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Joseph and the Amazing Technicolor Dreamcoat (01/27/1982 - 09/04/1983)


New York Daily News: "'Joseph' is a youthful dream"

"Joseph and the Amazing Technicolor Dreamcoat" opened at the off-Broadway Entermedia Theater on November 18, 1981 and transferred to the Royale on January 27, 1982.

Before "Jesus Christ, Superstar" and "Evita," Andrew Lloyd Webber and Tim Rice wrote "Joseph and the Amazing Technicolor Dreamcoat" as a 25-minute college frolic. Despite its intended early audience, the musical is by no means sophomoric, even though it crackles with the youthful energy one normally associates with the school-tie set. Expanded now to some 90 minutes, "Joseph" is an exuberant revel on the biblical story of Joseph and his brothers underscored by the perky dances and swift pacing of choreographer-director Tony Tanner.

In "Joseph" one can detect techniques Webber and Rice employed so successfully in the later "Superstar" and "Evita": a story told entirely through song; a score shaped from many genres and rhythms - country-western, rock, calypso, soft shoe, French chanson - to lend variety to both music and character; the use of a narrator to introduce and comment on the action.

Tanner, in addition, builds laughter with sudden surprises, choreography based on ancient Egyptian art and even circus devices. Right at the beginning, Joseph and his 11 brothers scramble out of a hovel just large enough to fit a dwarf, a variation on the old clowns-out-of-the-car bit. Pharoah buys the hero with a yard's worth of credit cards and couriers arrive breathlessly on scooters. Indeed, "Joseph" is much like a fairy tale seen through a Barnum and Bailey filter.

Joseph's story unfolds via narrator Laurie Beechman, who plays impishly and sings robustly. She reminds us that Joseph is Jacob's favorite, a fact which ruffles the the 11 other sons. When Jacob, innocently, lays a coat of many colors on his favorite, that cuts it with the brothers. They gang up on poor Joe and, after inhaling a few tokes from itinerant camel pedlars, sell him into slavery.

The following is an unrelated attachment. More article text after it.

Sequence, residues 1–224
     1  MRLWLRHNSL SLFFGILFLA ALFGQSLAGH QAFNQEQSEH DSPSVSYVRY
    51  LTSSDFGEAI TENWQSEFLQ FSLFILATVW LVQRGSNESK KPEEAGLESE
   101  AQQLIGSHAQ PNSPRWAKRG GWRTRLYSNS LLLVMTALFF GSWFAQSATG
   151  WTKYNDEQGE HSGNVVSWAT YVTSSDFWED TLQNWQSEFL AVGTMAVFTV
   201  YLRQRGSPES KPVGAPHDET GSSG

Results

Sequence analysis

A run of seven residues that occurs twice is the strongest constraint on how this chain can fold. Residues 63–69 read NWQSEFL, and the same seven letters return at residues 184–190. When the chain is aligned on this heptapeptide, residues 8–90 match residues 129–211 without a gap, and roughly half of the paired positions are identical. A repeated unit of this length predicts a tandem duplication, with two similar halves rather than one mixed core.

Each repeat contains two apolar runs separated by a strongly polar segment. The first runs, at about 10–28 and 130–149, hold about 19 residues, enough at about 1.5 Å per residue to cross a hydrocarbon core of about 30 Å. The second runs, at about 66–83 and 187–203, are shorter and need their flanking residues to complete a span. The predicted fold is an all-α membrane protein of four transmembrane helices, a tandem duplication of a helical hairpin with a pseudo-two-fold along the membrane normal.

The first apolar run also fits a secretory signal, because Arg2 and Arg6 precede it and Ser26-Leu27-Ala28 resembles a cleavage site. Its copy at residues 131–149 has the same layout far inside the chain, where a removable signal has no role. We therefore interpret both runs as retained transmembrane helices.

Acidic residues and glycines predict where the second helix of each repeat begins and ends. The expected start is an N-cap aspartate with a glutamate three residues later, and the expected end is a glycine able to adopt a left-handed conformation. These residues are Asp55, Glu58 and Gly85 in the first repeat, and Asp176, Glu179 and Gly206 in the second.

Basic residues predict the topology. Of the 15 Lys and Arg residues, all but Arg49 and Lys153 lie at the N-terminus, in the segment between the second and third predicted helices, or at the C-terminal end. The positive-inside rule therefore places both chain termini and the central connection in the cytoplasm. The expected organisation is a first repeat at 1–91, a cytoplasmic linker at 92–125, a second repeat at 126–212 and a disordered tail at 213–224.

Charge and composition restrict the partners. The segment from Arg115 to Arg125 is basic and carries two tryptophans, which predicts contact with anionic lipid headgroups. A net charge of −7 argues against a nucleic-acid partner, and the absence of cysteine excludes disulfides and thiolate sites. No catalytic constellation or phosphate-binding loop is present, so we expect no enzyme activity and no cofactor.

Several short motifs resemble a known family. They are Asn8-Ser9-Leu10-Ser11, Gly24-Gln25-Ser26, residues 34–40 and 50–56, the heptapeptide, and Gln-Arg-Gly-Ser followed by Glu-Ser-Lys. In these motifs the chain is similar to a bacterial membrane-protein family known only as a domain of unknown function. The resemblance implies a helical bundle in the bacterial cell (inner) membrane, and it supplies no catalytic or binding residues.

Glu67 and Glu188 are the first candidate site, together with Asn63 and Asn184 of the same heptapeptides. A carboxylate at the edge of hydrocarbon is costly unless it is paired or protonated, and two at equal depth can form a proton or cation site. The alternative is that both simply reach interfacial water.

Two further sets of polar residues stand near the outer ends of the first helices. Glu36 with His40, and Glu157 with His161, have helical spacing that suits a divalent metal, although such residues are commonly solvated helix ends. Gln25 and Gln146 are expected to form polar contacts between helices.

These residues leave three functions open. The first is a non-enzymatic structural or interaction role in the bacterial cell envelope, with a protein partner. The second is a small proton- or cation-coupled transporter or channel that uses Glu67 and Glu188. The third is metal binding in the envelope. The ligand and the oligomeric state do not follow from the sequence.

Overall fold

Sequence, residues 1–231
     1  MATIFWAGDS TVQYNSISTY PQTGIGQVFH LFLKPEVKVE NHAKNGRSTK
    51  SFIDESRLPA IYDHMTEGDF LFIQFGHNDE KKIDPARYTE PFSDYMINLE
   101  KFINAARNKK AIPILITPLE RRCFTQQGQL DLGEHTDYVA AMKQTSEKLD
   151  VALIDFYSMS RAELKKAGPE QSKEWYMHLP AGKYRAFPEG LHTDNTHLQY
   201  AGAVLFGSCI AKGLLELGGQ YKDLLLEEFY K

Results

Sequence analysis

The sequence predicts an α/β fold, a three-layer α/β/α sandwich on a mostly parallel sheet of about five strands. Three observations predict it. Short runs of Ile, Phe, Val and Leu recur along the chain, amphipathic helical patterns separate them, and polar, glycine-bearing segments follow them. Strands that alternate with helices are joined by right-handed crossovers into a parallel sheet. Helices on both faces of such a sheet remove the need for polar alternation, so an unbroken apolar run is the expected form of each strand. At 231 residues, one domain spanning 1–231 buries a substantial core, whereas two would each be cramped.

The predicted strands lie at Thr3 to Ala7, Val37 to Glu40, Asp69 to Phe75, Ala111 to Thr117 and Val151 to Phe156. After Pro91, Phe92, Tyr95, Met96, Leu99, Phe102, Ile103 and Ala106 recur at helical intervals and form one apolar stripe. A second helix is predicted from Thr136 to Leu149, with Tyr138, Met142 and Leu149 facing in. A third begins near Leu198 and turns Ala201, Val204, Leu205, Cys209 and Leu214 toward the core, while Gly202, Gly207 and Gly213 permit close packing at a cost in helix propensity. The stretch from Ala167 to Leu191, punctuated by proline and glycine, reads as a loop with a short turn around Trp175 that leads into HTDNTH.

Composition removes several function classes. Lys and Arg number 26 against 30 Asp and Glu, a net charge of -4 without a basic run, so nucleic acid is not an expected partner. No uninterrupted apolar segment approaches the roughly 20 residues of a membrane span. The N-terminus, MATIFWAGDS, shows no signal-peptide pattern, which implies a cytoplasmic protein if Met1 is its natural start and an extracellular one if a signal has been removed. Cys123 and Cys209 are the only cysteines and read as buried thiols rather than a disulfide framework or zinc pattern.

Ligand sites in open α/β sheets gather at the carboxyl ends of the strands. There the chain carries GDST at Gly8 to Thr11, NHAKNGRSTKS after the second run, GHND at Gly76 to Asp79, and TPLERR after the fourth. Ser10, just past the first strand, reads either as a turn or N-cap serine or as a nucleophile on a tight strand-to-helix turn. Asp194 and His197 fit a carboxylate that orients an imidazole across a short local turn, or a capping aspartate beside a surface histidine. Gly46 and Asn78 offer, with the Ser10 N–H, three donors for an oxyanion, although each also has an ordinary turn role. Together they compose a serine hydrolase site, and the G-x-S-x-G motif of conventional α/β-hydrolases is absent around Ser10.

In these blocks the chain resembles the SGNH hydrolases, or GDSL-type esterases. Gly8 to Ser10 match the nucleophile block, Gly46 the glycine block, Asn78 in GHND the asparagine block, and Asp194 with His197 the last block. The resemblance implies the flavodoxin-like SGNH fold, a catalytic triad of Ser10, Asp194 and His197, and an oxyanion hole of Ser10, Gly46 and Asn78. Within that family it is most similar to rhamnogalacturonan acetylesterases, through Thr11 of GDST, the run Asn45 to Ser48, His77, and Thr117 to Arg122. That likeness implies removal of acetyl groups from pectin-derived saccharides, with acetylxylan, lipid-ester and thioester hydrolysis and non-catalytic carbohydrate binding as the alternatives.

But, in the Webber-Rice version, it is difficult to work up any malice agains the brothers because they're just a bunch of pot-smoking buffoons who are, in the bargain, excellent song-and-dance men. How can you hiss a choral group who explains the missing Joseph with an ironic, disarming song titled "One More Angel in Heaven"? Come on, man, this is a musical about innocence triumphant.

Tanner has cast well. His performers, leads and chorus, bring an engaging fantasy to their roles. They sing, with soundman Tom Morse's able assistance, clearly and with strength, a crucial factor in a show which has no dialogue. Bill Hutton's Joseph captures the archetype young hero of yore: He's slim, handsome, pure, noble, intelligent, courageous, sly and all those other things God seemed to like in the old days. Beechman, in fez, pantaloons and boots, dashes about the stage singing with a sort of cheerleader abandon that reflects the boundless enthusiasm of rah-rah spirit. And Tom Carder, who understudied the Che Guevara role in "Evita" and played it well several times, stops the show when he whips off his Pharoah robes and becomes, in a wonderfully loony moment, Elvis Presley hyping Joseph to go ahead with his dream interpretations. David Ardao and Randon Lo shape a scheming and seductive Mr. and Mrs. Potiphar and Robert Hyman offers a witty lead voice as he and the brothers lament those good old times in Canaan.

But Tanner's prime achievement is the integration of music, singing and story with Judith Dolan's anciently modern costumes, Barry Arnold's truly colorful lighting on Karl Eigsti's flexible, inventive set and Tanner's own choreography. It's almost as seamless as Joseph's coat.

I wonder, however, if "Joseph" is not too innocent, too rockishly simplistic, for a stage that has welcomed "Sweeney Todd" and "Evita." To enjoy it, one must fade back into youth and see with eyes one hasn't used for a long time. If you can do it, "Joseph" should be a joy.

New York Daily News

New York Post: "'Technicolor Dreamcoat' has faded"

"Joseph and the Amazing Technicolor Dreamcoat" opened at the off-Broadway Entermedia Theater on November 18, 1981 and transferred to the Royale on January 27, 1982.

A group of parents gathered together at St. Paul's School in London one winter afternoon in 1968 could scarcely have been aware that they were sitting in the shadow of history. They were. They were hearing the first public performance of a work by Andrew Lloyd Webber and Tim Rice.

It was a brief 25-minute cantata called Joseph and the Amazing Technicolor Dreamcoat. Webber and Rice's later collaborations, Jesus Christ, Superstar and Evita were only just around the corner, the corner with the bank on it.

Joseph itself, always intended to be performed by schools and colleges, was eventually expanded and went commercial. A production by Frank Dunlop for his Young Vic Company was successful at the Edinburgh Festival and later became a hit in London's West End. Dunlop later gave the work its first American professional staging at the Brooklyn Academy of Music.

Last night, at the Entermedia Theater, Joseph, rainbow-hued dreamcoat at the ready, made its Manhattan debut. One would like to say sadly delayed debut, but on that I have doubts.

Lloyd Webber as a composer has a useful knack of combining various pop forms, chiefly rock oriented, with the otiose religiosity of liturgical music.